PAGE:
This man, George was all he'd heard so far when it came to his name, recognized Marty naturally enough though he didn't voice any opinion. When it came to Mr. Glencoe though it was very obvious he didn't think much of the promoter. Well, Daniel wasn't exactly impressed with the fellow though either. But what this George did say was much more important than opinions.

“I’ll second you, put out your mitts.”

"You will? Swell, thanks," Dan extended both hands obediently, he was used to following trainer's directions and of course he knew this drill.

He knew what he was doing, no surprise there. Daniel was silently impressed with the proper wrap job, it felt good, it felt right. Next came the gloves which George began to fit on him one at a time.

"Yeah, they fit me fine," Dan nodded to the fella's question.

George had another question but voiced to the wizened fellow who had been assisting Killer, "Brownie, who's Kovach up against in the next bout?"

"Don't know his name. Some darkie boy from outside of town. Probably a farm boy. It's always a good thing to have at least one nigrah on the card. The crowd loves to see a white man thrash that sort," Brownie smiled, revealing a bunch of missing teeth and the ones that were left were in bad shape also.

Dan raised one eyebrow. He had nothing against the negroes personally but he certainly knew the local sentiments too. Despite Brownie's confidence in the outcome, he wasn't going to be cocky about this or any fight.

"Some of those people can fight quite well. I've seen some in action. I did a little checking on the tale of the tape and he's five foot six so I should have the reach on 'im," Dan pointed out, he was indeed one tall drink of water.

 

 


Cat's Meow! 1

George Townshend

Boxing Coach
326
?Years Young
22 Posts

"... and if one of his gloves touches you, it'll knock your bleedin' block off!"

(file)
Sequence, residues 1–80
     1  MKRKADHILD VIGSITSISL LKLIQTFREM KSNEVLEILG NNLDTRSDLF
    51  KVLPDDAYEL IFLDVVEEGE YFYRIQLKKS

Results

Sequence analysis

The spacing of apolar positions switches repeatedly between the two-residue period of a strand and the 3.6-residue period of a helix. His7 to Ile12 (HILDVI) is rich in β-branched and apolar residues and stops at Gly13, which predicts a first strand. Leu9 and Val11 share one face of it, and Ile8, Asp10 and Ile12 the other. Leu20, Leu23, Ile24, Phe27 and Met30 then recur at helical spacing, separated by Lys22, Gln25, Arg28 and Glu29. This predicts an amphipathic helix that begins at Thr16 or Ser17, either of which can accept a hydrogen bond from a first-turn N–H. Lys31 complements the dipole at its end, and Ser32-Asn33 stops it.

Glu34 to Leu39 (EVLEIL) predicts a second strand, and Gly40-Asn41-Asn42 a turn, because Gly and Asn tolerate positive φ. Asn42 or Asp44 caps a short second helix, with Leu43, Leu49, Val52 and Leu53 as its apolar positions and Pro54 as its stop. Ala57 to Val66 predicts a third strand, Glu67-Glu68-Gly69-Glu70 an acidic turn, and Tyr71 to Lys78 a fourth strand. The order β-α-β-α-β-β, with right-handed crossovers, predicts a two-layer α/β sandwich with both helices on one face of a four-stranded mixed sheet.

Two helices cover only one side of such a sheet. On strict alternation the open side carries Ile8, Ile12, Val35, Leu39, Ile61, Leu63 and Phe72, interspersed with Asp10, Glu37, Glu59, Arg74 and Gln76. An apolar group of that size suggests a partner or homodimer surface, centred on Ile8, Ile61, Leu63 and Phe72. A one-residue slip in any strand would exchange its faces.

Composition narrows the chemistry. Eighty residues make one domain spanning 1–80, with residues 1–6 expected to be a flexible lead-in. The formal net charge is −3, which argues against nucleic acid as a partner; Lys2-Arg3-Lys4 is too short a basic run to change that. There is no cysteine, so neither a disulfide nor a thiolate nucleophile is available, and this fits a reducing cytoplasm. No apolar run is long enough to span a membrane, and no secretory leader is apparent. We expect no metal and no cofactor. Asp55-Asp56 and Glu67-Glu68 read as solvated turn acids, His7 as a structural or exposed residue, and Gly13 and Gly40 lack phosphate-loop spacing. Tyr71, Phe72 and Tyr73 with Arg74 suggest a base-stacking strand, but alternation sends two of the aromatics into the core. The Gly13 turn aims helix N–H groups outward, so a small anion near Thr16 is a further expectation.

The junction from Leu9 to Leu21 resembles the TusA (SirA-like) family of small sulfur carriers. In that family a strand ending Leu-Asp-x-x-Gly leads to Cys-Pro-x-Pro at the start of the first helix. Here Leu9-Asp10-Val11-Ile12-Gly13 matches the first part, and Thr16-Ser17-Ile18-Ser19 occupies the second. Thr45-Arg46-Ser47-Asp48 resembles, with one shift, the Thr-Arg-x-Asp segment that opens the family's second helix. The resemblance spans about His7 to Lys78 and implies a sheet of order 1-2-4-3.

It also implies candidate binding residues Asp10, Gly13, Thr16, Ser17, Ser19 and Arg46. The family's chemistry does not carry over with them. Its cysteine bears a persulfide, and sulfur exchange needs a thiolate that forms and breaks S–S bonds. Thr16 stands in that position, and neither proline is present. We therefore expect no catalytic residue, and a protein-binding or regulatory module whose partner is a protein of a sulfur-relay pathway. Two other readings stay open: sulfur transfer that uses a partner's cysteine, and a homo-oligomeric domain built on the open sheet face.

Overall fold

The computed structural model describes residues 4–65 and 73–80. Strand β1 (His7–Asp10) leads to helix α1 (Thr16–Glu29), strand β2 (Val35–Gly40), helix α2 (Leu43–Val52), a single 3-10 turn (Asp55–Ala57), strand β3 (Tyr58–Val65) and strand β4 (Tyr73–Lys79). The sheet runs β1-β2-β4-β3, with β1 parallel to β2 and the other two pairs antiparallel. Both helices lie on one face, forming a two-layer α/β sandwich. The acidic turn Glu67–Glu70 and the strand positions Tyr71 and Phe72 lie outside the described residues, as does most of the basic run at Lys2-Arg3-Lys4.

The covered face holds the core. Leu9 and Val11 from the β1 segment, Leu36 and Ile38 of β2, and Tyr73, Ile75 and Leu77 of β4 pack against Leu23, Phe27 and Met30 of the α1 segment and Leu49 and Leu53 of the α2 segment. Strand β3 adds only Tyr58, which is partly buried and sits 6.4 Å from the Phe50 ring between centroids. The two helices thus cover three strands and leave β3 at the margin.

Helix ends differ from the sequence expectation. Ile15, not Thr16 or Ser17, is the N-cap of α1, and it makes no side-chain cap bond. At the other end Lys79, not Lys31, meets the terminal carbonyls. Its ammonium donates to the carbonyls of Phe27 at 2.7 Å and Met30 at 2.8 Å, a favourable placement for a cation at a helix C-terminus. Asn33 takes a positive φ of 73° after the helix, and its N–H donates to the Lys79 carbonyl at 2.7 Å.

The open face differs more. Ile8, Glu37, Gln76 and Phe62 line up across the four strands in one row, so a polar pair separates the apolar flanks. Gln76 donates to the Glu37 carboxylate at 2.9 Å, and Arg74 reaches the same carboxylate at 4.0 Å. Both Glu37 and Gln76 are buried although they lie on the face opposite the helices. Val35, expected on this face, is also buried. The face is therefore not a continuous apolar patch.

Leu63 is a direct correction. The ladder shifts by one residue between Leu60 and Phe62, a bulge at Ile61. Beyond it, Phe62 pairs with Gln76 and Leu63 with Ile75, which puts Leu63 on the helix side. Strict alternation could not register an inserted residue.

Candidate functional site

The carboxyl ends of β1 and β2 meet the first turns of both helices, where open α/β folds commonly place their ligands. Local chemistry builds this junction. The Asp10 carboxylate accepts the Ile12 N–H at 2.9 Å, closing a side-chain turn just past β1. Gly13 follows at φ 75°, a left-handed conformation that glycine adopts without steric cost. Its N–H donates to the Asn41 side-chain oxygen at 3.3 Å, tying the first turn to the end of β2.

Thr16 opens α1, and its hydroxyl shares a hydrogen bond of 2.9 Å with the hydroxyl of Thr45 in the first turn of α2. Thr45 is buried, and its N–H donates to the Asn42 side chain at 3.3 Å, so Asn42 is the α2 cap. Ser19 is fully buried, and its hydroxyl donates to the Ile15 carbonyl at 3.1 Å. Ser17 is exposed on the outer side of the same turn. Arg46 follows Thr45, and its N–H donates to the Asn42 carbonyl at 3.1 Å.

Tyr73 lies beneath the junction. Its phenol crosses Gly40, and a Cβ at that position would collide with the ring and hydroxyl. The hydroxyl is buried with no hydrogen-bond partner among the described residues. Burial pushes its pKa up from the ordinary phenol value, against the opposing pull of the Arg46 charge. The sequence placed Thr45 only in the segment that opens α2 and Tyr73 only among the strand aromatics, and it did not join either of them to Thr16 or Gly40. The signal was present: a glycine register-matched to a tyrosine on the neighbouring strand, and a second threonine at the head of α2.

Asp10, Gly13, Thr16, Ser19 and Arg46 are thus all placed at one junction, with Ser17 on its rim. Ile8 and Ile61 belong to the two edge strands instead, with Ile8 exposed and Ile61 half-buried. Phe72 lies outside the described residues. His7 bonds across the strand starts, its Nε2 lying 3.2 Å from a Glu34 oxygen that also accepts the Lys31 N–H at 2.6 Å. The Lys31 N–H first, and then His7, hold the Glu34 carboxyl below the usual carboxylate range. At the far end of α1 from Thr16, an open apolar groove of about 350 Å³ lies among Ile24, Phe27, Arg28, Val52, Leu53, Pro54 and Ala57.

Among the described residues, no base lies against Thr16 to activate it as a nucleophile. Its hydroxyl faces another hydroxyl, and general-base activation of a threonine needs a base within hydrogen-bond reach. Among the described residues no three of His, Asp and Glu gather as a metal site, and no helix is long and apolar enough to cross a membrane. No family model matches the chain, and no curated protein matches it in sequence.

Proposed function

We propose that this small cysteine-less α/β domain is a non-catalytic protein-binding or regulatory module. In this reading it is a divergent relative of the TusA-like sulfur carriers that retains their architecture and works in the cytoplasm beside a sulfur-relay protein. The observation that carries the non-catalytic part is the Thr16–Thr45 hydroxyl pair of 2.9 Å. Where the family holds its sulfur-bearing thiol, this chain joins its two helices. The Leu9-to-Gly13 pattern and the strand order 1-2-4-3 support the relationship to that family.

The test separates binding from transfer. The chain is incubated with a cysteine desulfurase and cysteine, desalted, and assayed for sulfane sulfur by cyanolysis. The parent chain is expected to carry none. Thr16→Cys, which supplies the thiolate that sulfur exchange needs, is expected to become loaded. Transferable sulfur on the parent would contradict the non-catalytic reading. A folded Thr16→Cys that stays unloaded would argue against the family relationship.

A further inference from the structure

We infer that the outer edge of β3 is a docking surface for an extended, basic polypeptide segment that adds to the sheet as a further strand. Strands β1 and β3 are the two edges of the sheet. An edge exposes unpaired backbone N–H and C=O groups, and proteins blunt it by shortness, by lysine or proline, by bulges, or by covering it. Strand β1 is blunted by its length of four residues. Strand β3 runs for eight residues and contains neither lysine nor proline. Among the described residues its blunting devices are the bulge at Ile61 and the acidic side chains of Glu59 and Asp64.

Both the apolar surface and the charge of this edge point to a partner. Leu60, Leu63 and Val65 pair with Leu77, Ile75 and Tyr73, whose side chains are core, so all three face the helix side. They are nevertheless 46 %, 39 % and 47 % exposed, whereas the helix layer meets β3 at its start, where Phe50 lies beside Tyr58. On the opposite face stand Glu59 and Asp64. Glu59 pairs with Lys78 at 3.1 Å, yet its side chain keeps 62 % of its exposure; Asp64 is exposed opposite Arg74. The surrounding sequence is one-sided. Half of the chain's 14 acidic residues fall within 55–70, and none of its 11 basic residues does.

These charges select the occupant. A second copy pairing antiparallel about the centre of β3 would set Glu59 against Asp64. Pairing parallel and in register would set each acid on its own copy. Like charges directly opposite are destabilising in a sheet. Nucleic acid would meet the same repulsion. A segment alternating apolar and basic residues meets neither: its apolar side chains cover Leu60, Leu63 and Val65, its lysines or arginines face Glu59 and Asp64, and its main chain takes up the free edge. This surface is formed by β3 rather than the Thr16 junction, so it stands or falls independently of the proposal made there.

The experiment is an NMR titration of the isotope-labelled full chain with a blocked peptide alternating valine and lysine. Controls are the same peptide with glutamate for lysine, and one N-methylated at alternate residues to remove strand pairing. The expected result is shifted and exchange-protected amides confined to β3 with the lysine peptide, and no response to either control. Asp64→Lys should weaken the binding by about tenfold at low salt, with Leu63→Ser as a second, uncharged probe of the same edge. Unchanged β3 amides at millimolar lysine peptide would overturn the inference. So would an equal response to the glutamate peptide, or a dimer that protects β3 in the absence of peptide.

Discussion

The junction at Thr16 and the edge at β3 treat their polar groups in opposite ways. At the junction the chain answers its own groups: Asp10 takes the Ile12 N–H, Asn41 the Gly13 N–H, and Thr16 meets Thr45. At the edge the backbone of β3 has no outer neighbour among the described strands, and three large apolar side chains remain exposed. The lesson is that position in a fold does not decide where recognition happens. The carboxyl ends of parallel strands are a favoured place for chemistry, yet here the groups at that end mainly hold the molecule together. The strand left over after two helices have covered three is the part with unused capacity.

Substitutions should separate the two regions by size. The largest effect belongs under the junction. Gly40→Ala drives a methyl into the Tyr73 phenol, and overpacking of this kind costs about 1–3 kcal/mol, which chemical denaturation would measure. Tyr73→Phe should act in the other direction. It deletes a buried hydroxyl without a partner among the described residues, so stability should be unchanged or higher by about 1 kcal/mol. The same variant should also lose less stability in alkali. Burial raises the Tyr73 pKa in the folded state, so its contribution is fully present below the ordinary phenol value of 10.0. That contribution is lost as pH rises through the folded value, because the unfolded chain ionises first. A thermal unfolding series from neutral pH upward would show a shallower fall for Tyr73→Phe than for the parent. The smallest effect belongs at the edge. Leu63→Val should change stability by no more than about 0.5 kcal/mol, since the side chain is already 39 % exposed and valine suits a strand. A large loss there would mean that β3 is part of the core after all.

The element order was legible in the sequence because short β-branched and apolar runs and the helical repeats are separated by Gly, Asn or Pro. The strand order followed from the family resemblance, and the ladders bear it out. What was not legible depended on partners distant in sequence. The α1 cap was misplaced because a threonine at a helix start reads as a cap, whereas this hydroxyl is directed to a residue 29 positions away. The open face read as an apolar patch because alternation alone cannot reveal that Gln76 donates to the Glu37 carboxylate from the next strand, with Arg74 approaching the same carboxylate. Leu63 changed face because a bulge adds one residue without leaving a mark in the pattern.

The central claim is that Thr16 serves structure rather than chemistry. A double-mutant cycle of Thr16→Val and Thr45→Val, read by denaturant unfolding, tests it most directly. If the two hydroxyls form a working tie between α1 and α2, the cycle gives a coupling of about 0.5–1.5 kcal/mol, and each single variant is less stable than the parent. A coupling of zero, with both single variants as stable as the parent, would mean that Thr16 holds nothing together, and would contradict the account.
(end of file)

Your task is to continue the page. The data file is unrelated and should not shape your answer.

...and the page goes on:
"Some of those people can fight quite well. I've seen some in action. I did a little checking on the tale of the tape and he's five foot six so I should have the reach on 'im," Dan pointed out, he was indeed one tall drink of water.

Townshend’s devious little mind was turning these facts over rapidly. Cons: he’d probably never seen this mystery opponent fight before and, like Daniel, would have to very quickly try and weight him up once he actually began fighting – and that might be too late; secondly, the man was shorter than Daniel: that was OK if he was another outfielder, their man would, indeed, have a little more reach – but if the feller was a brawler or a swarmer, then Daniel’s long arms would actually be something of an embarrassment as he struggled to defend himself at close quarters.

The fact that he was black was neither here nor there in terms of the actual fight; psychologically many of the black population were indeed cowed by the state’s white population. Florida could boast, if that was the word, the highest rate of lynchings in the entire U.S. Sometimes entire black settlements, Rosewood for instance, had been razed to the ground by white mobs. But there was a growing element, ‘uppity blacks’ as they were known by the majority of whites, who were starting to stick up for themselves and the rights as citizens that they theoretically possessed. A big factor in the Miami area was the presence of black men, often seasonal workers, from the Bahamas. The British Empire was hardly the epitome of racial equality, but compared to the native Floridian blacks, these men had the self-esteem of princes.

Now the pros. Daniel’s opponent would fight as well as he would fight; the big advantage was the judges – they would hate the negro to a man. All Kovach had to do was come somewhere near on points and he would be bound to be declared the winner. Oh, and he had to survive the match, too. That was important.